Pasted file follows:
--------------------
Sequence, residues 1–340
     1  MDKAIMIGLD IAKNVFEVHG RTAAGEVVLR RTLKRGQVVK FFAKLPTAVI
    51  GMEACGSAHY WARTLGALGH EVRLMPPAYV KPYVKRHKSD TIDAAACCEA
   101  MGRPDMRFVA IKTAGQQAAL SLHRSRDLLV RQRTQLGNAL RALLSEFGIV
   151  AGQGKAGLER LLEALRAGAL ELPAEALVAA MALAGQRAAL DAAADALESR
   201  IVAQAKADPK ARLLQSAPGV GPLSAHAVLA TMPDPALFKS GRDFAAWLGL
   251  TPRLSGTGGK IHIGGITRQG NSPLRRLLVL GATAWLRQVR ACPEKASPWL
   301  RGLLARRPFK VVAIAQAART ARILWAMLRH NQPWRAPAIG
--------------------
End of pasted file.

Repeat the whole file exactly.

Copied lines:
Sequence, residues 1–340
     1  MDKAIMIGLD IAKNVFEVHG RTAAGEVVLR RTLKRGQVVK FFAKLPTAVI
    51  GMEACGSAHY WARTLGALGH EVRLMPPAYV KPYVKRHKSD TIDAAACCEA
   101  MGRPDMRFVA IKTAGQQAAL SLHRSRDLLV RQRTQLGNAL RALLSEFGIV
   151  AGQGKAGLER LLEALRAGAL ELPAEALVAA MALAGQRAAL DAAADALESR
   201  IVAQAKADPK ARLLQSAPGV GPLSAHAVLA TMPDPALFKS GRDFAAWLGL
   251  TPRLSGTGGK IHIGGITRQG NSPLRRLLVL GATAWLRQVR ACPEKASPWL
   301  RGLLARRPFK VVAIAQAART ARILWAMLRH NQPWRAPAIG